The dihydrate, UO3.2H2O, appears to be analogous to the corresponding tungsten compound, and behaves as the monohydrate of uranic acid, H2UO4.H2O. It is formed by the slow oxidation in air of the violet hydrate; by boiling a solution of ammonium uranyl carbonate, when it falls as a yellow precipitate; by evaporating a solution of uranyl nitrate at ordinary temperature over sulphuric acid, and extracting the residue with ether; or by heating uranous oxide with a solution of hydrogen peroxide. The hydrate is a lemon-yellow powder, lighter in colour than uranic acid. It may be obtained in hexagonal prisms. On heating at 80° C. in dry air, it yields the monohydrate. It is very soluble in acids, and reacts in the same way as uranic acid.
The subhydrate, 2UO3.H2O, or pyroranic acid, H2U2O7, corresponding to the stable diuranates, has not as yet been shown to exist.
Colloidal Uranic Acid
|By the addition of potash to a solution of uranyl nitrate or chloride in the presence of sugar, Graham obtained, in the cold, a deep orange-yellow coloured solution, from which all acid and alkali could be removed by dialysis. The solution contained hydrated uranic oxide, and showed considerable stability. It coagulated, however, on the addition of an electrolyte. Szilard prepared a similar solution by gradually adding uranic acid to a hot dilute solution of uranyl nitrate until the former is no longer dissolved. The resulting solution contained a little uranyl nitrate, but was very stable. Colloidal uranic acid may also be obtained by precipitating all the chlorine from an aqueous solution of uranyl chloride trihydrate by means of silver oxide, and dialysing after filtration. |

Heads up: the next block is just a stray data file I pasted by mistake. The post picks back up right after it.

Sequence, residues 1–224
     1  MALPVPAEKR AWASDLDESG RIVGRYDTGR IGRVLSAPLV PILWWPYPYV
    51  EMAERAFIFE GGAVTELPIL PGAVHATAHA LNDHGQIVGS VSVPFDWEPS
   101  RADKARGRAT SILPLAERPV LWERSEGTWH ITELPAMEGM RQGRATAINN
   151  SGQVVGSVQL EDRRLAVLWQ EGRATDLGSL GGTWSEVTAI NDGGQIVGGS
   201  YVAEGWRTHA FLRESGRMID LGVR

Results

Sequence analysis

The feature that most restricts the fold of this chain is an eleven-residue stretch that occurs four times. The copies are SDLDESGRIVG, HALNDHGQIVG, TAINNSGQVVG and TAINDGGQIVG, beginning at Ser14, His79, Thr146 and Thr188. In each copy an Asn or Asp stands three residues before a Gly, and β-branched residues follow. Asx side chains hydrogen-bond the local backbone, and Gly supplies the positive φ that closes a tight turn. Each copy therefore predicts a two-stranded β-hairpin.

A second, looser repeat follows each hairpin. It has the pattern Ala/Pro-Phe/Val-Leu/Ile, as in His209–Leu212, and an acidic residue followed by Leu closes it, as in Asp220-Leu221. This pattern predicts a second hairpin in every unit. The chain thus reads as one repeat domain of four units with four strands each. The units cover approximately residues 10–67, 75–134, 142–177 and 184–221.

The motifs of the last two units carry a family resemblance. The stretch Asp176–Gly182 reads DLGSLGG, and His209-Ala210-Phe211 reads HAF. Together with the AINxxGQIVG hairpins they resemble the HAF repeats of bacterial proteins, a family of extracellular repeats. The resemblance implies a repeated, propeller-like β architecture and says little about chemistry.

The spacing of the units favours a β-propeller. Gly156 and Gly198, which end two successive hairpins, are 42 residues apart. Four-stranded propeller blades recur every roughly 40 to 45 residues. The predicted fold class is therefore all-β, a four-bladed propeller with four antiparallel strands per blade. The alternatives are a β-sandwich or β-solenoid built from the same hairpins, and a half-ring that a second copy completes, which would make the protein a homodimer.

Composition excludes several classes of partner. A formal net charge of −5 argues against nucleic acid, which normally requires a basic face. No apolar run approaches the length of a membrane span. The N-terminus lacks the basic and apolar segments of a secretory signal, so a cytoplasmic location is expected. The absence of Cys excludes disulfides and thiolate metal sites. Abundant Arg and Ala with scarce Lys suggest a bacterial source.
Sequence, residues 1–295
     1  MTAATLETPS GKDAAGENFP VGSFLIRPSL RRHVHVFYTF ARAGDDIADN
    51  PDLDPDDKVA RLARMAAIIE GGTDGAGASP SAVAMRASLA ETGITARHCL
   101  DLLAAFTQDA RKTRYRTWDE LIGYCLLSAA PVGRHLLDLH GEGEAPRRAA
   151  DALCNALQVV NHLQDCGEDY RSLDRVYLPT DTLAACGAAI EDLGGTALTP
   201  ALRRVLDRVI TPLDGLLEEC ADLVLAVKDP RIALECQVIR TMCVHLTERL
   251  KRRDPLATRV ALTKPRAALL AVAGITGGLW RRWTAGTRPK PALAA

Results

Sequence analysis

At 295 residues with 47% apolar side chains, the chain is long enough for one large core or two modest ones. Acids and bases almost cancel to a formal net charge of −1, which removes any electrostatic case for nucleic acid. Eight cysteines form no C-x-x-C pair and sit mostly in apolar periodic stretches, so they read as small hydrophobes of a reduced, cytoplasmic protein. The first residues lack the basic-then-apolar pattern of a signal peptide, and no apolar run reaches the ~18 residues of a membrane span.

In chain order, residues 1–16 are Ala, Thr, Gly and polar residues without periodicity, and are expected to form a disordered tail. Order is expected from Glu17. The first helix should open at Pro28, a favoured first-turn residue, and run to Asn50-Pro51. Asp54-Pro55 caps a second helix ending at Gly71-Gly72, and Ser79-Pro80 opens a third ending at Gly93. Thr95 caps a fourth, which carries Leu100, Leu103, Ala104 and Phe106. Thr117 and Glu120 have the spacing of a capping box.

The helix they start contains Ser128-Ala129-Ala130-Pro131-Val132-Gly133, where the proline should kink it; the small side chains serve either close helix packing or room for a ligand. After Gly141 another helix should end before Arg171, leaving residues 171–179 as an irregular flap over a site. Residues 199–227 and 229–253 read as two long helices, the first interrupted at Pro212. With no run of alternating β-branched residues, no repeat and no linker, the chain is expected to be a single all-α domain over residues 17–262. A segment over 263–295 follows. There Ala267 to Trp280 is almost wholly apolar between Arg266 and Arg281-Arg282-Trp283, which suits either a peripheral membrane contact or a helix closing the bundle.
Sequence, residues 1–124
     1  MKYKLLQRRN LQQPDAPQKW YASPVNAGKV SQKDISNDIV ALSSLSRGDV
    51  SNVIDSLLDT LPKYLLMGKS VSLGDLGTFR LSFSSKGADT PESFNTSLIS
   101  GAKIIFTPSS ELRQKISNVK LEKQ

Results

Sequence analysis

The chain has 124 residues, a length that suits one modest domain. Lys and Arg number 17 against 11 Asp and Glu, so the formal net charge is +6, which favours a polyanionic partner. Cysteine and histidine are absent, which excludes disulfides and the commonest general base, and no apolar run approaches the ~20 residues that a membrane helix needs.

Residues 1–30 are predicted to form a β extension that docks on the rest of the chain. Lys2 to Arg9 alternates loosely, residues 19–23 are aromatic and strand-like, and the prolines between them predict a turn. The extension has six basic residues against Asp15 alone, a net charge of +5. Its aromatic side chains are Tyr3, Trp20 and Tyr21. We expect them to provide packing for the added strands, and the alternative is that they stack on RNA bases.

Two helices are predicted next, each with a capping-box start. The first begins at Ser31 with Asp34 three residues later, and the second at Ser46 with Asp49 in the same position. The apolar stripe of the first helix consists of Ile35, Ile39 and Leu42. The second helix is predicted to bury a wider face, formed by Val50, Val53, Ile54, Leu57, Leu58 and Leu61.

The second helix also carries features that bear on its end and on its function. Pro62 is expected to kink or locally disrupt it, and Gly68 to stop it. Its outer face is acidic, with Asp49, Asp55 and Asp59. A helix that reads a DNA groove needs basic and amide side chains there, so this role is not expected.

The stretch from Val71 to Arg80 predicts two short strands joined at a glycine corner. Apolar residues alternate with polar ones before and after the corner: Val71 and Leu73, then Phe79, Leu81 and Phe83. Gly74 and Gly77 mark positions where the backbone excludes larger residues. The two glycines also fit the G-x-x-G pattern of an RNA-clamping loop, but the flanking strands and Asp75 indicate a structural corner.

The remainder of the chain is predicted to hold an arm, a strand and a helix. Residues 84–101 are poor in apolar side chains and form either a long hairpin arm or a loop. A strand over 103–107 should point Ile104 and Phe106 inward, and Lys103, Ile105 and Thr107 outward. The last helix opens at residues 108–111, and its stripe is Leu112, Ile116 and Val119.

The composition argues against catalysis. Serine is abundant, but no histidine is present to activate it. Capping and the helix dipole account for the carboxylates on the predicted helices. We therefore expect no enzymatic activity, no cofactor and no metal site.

It has been observed that colloidal uranic hydroxide, in very dilute solution, acts as a powerful catalyst in the synthesis of formaldehyde when an aqueous solution of carbon dioxide is exposed to direct sunlight.
Salts of Uranic Acid
|Uranic acid, UO3.H2O, is a dibasic acid, and yields salts of the type R'2UO4. As in the case of the corresponding acids of the other elements of the group, in addition to the normal salts, other types, richer in acid content, also exist. For example, salts of the alkali metals of types R'2O.xUO3, where x may be 1, 2, 3, 4, 5, or 6, are known. The acids corresponding to such derivatives have not been isolated. The most important salts are the diuranates, from the hypothetical diuranic or pyro-uranic acid, H2U2O7, which are usually precipitated when metallic oxides, hydroxides, or carbonates are added to solutions of uranyl salts. The normal uranates are generally obtained by fusion. They are yellow in colour, insoluble in water, but soluble in acids. Salts containing the more electro-positive metals only have been prepared.|